Hacker compromises 100 planes and uses them to play space invaders over NYC.

NobodySpecial April 12, 2013 12:52 PM

Scary words like “hijack” and “takeover” have no place in this conversation.”

You can already take over the normal VHF comms to from the tower – it’s just a primitive un-encrypted radio transmission, if you know the aircraft’s call sign, speak English and a have a knowledge of aviation language. There have even been some accidents when the tower and the aircraft transmit at the same time and a message was lost.

The high tech backup to this victorian technology is a data link to send text messages to the aircraft. This is also un-encrypted and un-authenticated.

Yes both the radio and message data go to human pilots not the avionics. But it’s not hard to see how, if you have a crew with a legal and moral duty to obey ATC, and you have control over the data from ATC – you can effectively hijack an aircraft.
You can’t order them to fly into the pentagon but you can certainly cause an accident in the crowded skies above most international airports.

name.withheld.for.obvious.reasons April 12, 2013 12:53 PM

For the most part the robust component of the aircraft avionics and control systems are managed underneath a DO-178B RTOS layer. Much like virtualizaion in user applicaqtion land, this layer provides system call and services to I/O without allowing the application to wreak havoc on the primary operating layer.
Since we all know application programmers are crap, the need to isolate the upper layer abstraction code (some of this thing have JVM’s running on top of them) that this makes a lot of sense. What is obvious though in most implemnetations is that the parallel plane (abstract geometric analogy) of redundancy is invariant. This means that if the DO-178B layer did have a bug in it, the other parallel nodes could possible suffer the same fate. So, in conclusion it is quite possible to attach to the JVM layer for example and have your way with the user space components but the lower layer components are a little more out of reach.
That reminds me, has anyone seen an APT that uses UEFI to manage its persistence. I may have run into such a bug…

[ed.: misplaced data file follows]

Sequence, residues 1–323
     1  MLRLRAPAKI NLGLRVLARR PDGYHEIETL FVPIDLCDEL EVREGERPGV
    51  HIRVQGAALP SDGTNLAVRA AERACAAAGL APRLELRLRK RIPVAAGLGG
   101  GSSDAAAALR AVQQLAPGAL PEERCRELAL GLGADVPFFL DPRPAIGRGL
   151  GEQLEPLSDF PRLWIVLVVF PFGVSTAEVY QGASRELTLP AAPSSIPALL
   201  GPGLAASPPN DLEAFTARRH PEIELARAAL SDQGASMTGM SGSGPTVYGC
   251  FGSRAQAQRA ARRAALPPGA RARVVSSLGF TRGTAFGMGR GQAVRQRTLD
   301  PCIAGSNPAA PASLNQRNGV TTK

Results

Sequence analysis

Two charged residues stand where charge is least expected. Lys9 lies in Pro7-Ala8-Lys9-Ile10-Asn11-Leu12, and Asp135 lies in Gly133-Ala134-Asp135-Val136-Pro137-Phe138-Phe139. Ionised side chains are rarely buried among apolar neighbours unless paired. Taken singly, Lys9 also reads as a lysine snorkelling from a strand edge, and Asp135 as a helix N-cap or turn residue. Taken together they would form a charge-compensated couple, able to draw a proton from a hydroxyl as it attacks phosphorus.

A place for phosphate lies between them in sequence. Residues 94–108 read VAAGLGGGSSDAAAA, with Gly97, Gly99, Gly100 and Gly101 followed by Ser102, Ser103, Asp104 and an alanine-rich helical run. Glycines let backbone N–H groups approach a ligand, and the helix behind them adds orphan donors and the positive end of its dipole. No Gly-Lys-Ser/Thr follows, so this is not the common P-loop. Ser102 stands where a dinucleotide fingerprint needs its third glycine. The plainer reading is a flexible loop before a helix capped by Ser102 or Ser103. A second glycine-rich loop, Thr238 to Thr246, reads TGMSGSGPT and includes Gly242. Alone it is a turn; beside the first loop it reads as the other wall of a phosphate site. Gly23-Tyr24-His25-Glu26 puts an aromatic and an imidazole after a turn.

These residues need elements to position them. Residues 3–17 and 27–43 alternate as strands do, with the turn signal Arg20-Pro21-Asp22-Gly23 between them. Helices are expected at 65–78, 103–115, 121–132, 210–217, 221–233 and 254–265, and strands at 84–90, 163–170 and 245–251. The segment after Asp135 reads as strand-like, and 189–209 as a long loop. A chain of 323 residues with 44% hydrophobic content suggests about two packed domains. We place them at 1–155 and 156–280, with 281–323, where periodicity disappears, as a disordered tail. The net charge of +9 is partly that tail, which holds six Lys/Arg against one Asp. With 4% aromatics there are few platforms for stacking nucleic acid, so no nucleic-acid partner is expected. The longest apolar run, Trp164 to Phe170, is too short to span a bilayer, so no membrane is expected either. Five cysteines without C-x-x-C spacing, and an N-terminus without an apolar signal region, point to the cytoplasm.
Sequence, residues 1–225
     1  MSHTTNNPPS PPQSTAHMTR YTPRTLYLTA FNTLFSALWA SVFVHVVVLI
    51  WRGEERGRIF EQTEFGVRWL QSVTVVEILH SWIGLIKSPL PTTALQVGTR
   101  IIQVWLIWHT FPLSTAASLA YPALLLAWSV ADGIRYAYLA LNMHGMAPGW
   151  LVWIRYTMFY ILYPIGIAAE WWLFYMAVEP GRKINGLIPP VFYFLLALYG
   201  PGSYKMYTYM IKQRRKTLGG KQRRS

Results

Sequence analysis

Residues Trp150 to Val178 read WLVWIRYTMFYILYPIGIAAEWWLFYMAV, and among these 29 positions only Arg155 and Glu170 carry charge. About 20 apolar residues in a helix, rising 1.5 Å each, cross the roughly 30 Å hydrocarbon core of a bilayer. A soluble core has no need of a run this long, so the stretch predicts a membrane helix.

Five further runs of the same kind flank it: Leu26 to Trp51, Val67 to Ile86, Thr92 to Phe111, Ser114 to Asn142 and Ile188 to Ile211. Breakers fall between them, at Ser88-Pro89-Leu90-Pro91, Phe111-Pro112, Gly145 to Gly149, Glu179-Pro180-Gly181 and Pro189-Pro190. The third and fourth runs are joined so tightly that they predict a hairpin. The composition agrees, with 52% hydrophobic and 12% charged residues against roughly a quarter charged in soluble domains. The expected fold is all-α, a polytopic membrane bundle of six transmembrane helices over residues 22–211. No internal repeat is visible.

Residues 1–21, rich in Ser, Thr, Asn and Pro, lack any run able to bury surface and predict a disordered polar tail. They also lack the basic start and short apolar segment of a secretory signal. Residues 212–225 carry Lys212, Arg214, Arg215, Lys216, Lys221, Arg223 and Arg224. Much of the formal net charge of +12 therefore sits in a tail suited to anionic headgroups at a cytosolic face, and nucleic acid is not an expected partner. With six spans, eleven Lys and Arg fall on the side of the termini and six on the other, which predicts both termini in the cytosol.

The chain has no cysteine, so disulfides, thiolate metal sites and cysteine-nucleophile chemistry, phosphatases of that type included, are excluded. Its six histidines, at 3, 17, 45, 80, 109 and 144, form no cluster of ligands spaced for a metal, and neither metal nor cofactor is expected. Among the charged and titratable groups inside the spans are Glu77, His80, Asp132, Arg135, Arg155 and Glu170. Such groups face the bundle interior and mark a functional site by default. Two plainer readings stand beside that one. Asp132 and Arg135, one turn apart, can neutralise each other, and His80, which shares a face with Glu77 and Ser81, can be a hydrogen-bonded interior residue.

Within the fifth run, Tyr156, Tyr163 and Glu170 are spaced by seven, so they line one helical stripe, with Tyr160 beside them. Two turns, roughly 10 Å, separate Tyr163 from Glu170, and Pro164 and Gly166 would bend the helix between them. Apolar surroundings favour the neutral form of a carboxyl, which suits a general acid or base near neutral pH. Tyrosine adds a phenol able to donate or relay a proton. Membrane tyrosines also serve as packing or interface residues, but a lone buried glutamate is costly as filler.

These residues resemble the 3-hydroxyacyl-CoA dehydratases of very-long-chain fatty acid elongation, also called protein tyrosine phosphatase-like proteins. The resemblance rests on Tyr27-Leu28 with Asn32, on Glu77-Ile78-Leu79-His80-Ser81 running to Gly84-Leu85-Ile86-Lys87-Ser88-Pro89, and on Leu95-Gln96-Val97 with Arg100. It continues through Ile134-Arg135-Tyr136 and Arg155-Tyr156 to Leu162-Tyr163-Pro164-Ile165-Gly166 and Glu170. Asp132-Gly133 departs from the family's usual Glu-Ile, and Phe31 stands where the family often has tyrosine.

Shawn Baker April 12, 2013 12:59 PM

ACARS does authentication based on ARINC 823 standard.

ADS-B is basically an adhoc network to communicate your location as a threat to everyone else. Everyone else is listening to your location. If anyone else is transmitting their location, it appears as a threat to them. If someone was to be malicious and transmit ADS-B squitters, every aircraft and ground station in the area will know of this new target. That’s it.

Brian Weeden April 12, 2013 1:23 PM

I think what’s fueling this fire is the lack of open security research on flight safety protocols. There may be a whole lot of work going on to secure them, but it’s outside the public eye from what I can tell. So the broader hacker community is taking an interest and publishing their work publicly. It’s hard to tell if they are right or wrong because it’s just a one-sided conversation.

I’ve seen the same thing happen with GPS. I forwarded some open research on vulnerabilities in GPS software to some govt types I know and they said “this isn’t a big deal, we’ve known about this for years in the classified world”. Well maybe, but the vuln still exits.

Ultimately I think what’s behind this is the culture of these various communities and their article towards security research (open vs closed).

ns April 12, 2013 4:32 PM

It scares me to think that someone even MIGHT be stupid enough to make an aircraft’s controls available to the outside world.

The guy who did it was US crypto export policy a couple of decades ago.

Jan Schejbal April 12, 2013 4:47 PM

If you have an idea where a security issue could lurk, and you think “no way, noone can be that stupid”: check.

I have seen cryptographic keys generated from the default rand() PRNG seeded with the current time. I have seen the online update function for a nationwide security system (German electronic ID card) ignore the host name in SSL certificates (totally breaking security), then allow directory traversal when unpacking the update (making the additional signature check they put in there worthless).